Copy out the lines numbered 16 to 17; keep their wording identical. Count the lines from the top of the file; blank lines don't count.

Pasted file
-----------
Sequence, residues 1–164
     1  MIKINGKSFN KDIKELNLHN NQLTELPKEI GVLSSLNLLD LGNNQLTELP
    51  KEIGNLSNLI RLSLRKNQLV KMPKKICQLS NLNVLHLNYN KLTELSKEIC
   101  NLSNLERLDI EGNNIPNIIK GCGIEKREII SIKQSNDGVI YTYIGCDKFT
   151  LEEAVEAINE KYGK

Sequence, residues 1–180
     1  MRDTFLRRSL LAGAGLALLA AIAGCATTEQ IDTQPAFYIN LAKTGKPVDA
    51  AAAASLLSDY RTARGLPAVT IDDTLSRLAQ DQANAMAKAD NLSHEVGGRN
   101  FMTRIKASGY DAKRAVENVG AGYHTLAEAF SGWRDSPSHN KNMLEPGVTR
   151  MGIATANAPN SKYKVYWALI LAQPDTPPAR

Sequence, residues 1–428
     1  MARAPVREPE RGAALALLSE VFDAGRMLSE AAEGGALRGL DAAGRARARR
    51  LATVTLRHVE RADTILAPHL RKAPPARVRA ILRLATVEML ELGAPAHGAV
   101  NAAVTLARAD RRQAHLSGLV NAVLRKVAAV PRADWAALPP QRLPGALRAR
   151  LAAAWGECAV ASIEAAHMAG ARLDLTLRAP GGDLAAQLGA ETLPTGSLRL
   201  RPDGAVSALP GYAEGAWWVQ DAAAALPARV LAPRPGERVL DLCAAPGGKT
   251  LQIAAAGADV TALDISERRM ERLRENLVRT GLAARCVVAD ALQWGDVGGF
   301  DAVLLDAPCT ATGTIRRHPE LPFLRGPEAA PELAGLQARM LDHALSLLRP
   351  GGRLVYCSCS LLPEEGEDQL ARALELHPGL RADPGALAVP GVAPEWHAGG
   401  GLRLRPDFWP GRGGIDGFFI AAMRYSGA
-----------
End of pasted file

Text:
   201  RPDGAVSALP GYAEGAWWVQ DAAAALPARV LAPRPGERVL DLCAAPGGKT
   251  LQIAAAGADV TALDISERRM ERLRENLVRT GLAARCVVAD ALQWGDVGGF